About 600,000 strokes are reported each year in the US, and about 150,000 people die as a result. This makes ]]>stroke]]> the third-leading cause of death in the nation, and a leading cause of long-term disability. On the brighter side, when symptoms are recognized and people get to a hospital quickly, treating certain strokes within an hour or so can help mitigate the severity of disability.

]]>Transient ischemic attacks]]> (TIAs), also referred to as “light strokes,” or “mini-strokes,” can be early warning signs of an impending stroke. TIAs are caused by a temporary lack of oxygen to the brain that does not cause permanent damage. Between 15% and 30% of all people who have an ischemic stroke (strokes caused by a blocked blood vessel) report a preceding TIA.

If TIAs are recognized and receive prompt assessment and treatment, a subsequent full-blown stroke may become less likely. But until now, medical experts haven’t been certain how soon after a TIA people are likely to experience a stroke, nor, consequently, how soon patients must receive medical attention in order for it to do the most good. Is it a matter of days, hours, or weeks? As it stands, many U.S. guidelines recommend assessment and treatment within one week of a TIA, while those in the UK and other countries recommend treatment within two weeks or more. This difference may reflect more on the availability of resources than on scientific evidence.

A study published in the March 8, 2005 issue of Neurology looked at participants from four different European trials and found that 23% of the participants’ strokes were preceded by at least one TIA and, of those, nearly 45% were preceded by a TIA within only a week.

About the Study

Researchers recruited people who had an ischemic stroke from four independent studies performed in Europe from 1979 to 2003. A neurologist examined eligible participants and details of any previous TIAs or strokes were collected from patient interviews and medical records. In most cases, participants underwent CT brain imaging to confirm their stroke.

The researchers’ assessed time from most recent TIA to stroke, as well as time from first-ever TIA to stroke. They also considered other factors that might have had an impact on the time between TIA and stroke (i.e., age; sex; location, number, and duration of previous TIAs; chest pain; heart attack; diabetes; smoking; peripheral vascular disease; and high blood pressure).

The Findings

The key outcomes of the study were:

  • Of 2,416 patients who presented with an ischemic stroke in the four studies under examination, 549 (23%) reported a history of a preceding TIA.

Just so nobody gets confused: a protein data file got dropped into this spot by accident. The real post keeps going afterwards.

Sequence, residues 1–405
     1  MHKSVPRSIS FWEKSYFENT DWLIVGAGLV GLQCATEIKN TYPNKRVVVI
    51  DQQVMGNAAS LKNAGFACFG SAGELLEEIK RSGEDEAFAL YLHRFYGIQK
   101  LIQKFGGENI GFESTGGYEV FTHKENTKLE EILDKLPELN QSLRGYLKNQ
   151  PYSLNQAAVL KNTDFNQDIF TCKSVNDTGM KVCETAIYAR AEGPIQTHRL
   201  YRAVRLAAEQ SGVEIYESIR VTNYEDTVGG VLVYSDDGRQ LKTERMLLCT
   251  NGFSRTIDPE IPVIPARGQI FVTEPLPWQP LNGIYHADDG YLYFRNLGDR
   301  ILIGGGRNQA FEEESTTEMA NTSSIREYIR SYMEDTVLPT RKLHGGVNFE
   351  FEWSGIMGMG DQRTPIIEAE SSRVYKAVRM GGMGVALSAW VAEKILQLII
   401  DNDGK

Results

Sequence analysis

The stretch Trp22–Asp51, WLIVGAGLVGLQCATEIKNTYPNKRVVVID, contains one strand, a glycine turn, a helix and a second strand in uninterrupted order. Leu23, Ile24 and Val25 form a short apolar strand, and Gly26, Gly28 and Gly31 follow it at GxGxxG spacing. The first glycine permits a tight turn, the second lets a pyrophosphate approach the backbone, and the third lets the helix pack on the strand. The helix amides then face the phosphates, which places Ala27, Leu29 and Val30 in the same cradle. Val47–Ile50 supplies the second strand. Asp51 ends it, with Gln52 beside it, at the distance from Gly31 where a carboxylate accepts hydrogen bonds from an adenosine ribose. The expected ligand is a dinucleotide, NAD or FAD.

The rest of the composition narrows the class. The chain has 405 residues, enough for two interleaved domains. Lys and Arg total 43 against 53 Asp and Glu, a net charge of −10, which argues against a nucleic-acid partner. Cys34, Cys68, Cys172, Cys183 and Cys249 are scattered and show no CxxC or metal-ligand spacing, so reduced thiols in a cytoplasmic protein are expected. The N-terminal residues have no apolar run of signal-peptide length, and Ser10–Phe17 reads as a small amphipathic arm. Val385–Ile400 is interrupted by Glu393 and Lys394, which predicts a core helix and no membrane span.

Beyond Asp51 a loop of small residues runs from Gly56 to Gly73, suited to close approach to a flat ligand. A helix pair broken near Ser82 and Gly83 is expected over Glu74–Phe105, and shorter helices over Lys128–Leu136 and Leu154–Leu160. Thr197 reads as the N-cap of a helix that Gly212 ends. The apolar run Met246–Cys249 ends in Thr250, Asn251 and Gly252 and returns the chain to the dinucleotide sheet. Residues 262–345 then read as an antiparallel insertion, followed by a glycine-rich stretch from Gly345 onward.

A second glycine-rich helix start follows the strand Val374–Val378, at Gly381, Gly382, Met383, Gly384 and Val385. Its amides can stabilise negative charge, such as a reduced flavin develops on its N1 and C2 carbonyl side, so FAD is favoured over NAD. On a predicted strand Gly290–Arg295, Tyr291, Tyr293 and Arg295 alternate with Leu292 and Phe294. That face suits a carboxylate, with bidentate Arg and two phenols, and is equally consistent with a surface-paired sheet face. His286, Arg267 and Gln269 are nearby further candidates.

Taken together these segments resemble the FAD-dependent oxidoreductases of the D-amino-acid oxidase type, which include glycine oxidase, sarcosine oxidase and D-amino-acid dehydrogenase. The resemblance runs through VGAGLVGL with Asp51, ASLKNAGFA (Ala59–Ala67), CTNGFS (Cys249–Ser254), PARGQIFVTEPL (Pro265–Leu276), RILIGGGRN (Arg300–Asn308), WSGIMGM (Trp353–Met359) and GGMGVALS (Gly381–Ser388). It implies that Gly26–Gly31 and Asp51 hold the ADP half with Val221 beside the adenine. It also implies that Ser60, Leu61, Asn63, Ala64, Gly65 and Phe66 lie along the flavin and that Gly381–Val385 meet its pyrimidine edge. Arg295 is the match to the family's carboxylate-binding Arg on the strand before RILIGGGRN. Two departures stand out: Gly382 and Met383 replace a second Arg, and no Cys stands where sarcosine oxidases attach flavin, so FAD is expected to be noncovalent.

• Timing between TIA and stroke was consistent across all fours studies. On average, 17% of the most-recent TIAs occurred on the same day as the stroke, 9% on the day before the stroke, and 43% at some point within seven days of the stroke.
  • In 70% of participants who experienced a TIA within a week of the stroke, it was their first-ever stroke.
  • In 92% of participants who experienced a TIA within a week of the stroke, the TIA and stroke occurred in the same vascular region in the brain.

The researchers failed to identify any defining characteristics of patients that might have influenced how soon after TIA stroke occurred. They also found no reliable indicator that would help distinguish between the TIAs of participants who suffered subsequent stroke and those who did not.

While these findings are informative, they were limited because the study relied in part on self-reported medical history, which can always be faulty. Self-report of past symptoms (e.g., qualities and timing of any TIAs) by participants who have just experienced stroke may be even less reliable than usual.

How Does This Affect You?

This study supports existing evidence that TIAs may act as warning signs of a stroke to come. More importantly, it suggests that for many patients, the window of time to act is narrow: TIAs should be assessed in a matter of days—not weeks.

After a TIA, there may not be enough time for a patient to rely solely on reducing the risk factors of stroke—hypertension, cigarette smoking, high cholesterol, diabetes, and heavy alcohol use. Instead, if you experience a TIA or observe symptoms in someone else, go directly to the hospital, where preventive measures can be taken immediately, such as the use of antiplatelet agents, anticoagulation, carotid endarterectomy, and a number of other methods currently being researched.

Because timing is so crucial, it’s a good idea to keep in mind the following common symptoms of a TIA or stroke, which come on very suddenly:

  • Numbness or weakness of the face, arm, or leg (especially on one side of the body)
  • Confusion, or trouble speaking or understanding speech
  • Trouble seeing in one or both eyes
  • Difficulty walking, dizziness, or loss of balance or coordination
  • Sudden severe headache with no known cause